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# Randomness (enemies, drops, items, etc) getting messy

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Suppose I'm making a top-down 2D shooter kind of game, with a pretty big explorable world. If you think of the Diablo games that would be close enough for this discussion.

I'm very big on randomness. The world is randomly generated, and now I'm working on randomly placing enemies and items. Its quickly turning into a huge mess and I'm looking for advice on how to design the world/enemy/item generators better.

Suppose I have 26 different enemies: enemyA to enemyZ. They are in increasing order of difficulty. For example maybe enemyA is a stupid little rat and enemyZ is a badass dragon. I more or less want to have the easier enemies close to the player start point, and the harder ones further away, obviously so that the player slowly encounters harder enemies as he explores further away.  Additionally I plan to tweak specific instances of the enemies for additional randomness. For example, when I spawn a rat, he'll have a random speed between 4 and 7, and random maxHP between 80 and 100, etc etc.

For any given point (tile) in the world, I want a range of possible enemies to be able to spawn. For example, near the player start point, I want enemyA to enemyE to be possible, with most enemies being A, and fewer being B, fewer still being C, and E being quite rare (since E is pretty tough for a player just starting).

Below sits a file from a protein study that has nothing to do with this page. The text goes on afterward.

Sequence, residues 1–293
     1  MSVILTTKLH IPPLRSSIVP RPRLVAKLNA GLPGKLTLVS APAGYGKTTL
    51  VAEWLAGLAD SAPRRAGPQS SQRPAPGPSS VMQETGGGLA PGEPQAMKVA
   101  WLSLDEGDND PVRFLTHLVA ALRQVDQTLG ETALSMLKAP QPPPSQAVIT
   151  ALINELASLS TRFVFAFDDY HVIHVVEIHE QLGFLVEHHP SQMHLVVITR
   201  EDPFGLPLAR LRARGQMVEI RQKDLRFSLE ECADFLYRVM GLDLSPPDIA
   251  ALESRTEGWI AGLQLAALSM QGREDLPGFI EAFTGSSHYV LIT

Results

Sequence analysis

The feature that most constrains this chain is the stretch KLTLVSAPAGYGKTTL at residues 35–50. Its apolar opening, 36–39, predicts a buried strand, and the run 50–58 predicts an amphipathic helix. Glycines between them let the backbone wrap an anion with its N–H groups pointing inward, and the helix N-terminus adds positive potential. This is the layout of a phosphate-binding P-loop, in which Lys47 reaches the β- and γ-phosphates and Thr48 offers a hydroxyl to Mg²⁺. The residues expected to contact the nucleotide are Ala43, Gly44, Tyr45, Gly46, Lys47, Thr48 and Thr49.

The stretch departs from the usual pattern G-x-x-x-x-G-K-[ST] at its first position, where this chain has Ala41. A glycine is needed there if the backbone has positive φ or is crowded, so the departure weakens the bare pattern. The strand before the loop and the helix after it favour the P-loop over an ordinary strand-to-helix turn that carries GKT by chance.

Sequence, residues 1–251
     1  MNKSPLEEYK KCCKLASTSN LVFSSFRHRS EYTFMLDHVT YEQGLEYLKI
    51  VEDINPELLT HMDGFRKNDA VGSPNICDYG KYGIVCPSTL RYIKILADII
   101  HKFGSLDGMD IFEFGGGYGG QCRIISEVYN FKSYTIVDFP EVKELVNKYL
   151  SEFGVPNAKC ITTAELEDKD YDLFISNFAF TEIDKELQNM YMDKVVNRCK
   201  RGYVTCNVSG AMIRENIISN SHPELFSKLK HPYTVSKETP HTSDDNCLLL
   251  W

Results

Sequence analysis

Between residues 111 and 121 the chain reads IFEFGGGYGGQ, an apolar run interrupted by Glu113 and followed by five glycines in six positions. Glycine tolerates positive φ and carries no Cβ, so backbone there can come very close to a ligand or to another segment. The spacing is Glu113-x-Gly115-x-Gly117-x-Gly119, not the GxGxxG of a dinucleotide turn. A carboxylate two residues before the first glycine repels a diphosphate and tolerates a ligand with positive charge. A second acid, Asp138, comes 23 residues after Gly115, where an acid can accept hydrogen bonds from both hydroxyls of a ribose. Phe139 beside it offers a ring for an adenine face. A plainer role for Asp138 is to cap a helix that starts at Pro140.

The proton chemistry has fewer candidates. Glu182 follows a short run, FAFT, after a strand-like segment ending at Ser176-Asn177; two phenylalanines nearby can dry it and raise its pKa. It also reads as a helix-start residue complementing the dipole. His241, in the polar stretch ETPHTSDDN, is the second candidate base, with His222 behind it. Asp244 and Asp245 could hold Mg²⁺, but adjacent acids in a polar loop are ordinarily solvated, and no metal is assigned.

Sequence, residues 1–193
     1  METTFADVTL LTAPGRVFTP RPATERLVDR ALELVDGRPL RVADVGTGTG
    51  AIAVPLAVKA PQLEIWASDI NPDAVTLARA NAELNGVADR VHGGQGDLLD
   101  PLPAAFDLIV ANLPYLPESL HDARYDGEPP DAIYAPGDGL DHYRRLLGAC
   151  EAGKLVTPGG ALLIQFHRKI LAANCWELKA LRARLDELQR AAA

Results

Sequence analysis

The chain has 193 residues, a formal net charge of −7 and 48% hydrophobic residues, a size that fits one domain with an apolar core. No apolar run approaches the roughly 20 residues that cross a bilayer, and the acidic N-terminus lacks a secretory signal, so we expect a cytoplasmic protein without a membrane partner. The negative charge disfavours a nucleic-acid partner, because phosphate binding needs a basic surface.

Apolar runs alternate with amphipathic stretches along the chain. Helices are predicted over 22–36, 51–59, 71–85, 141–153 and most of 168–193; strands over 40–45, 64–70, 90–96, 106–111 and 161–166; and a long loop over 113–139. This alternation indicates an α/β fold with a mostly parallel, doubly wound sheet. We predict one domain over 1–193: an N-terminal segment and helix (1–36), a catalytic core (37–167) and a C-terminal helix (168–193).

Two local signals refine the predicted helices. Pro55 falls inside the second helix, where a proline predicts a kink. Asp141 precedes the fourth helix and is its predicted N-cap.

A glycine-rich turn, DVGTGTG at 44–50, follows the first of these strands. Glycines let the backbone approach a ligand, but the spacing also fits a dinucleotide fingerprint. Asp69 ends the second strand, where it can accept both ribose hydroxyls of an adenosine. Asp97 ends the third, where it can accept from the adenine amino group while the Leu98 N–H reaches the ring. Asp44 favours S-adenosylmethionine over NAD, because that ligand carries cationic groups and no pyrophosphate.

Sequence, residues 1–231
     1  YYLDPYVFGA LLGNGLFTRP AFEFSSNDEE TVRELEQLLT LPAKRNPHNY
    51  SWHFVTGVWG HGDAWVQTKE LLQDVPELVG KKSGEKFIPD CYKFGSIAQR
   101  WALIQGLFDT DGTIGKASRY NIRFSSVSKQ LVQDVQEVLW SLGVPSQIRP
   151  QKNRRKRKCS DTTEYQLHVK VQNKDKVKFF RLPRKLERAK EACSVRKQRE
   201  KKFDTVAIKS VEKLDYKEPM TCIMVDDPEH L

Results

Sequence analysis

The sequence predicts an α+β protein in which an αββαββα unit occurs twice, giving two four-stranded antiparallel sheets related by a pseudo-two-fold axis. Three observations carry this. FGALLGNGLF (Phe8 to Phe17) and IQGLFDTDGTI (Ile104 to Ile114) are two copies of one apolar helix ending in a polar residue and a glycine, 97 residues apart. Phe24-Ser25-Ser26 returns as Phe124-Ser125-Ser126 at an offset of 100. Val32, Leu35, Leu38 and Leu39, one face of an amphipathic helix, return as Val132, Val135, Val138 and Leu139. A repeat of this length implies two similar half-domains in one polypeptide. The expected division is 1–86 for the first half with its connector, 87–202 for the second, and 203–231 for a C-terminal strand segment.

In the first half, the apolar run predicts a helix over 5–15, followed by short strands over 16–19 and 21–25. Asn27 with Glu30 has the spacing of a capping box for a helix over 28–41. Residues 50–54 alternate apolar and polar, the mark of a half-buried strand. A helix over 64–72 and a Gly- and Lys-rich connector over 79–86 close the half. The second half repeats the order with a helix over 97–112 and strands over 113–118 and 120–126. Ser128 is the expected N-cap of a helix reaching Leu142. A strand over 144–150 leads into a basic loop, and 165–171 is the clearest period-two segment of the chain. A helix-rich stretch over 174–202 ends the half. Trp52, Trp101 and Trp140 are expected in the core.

Another example: a bit further away from the player start point, I want the possible enemies to be H to Q, with the middle one ( L ) being most frequent, while H and Q would be rare at this location (because H is very easy and Q is very hard for the player at this point in the game).

I hope this makes sense so far.

Basically I'd like some tips on how to structure all this in the code. With a focus on having everything easy to change, because I'm sure I will need to be tweaking things A LOT when I get to the game balancing stage.

What I have now is becoming a maintenance nightmare. For example see the code below.

Note that _difficulty01 is a helper variable that I have pre-calculated for every single tile in the game. Its a double between 0.0 and 1.0 and basically indicates how far the tile is from the player's start location. I figured I could use this to decide what kind of an enemy to create (0 = easy, 1 = hard).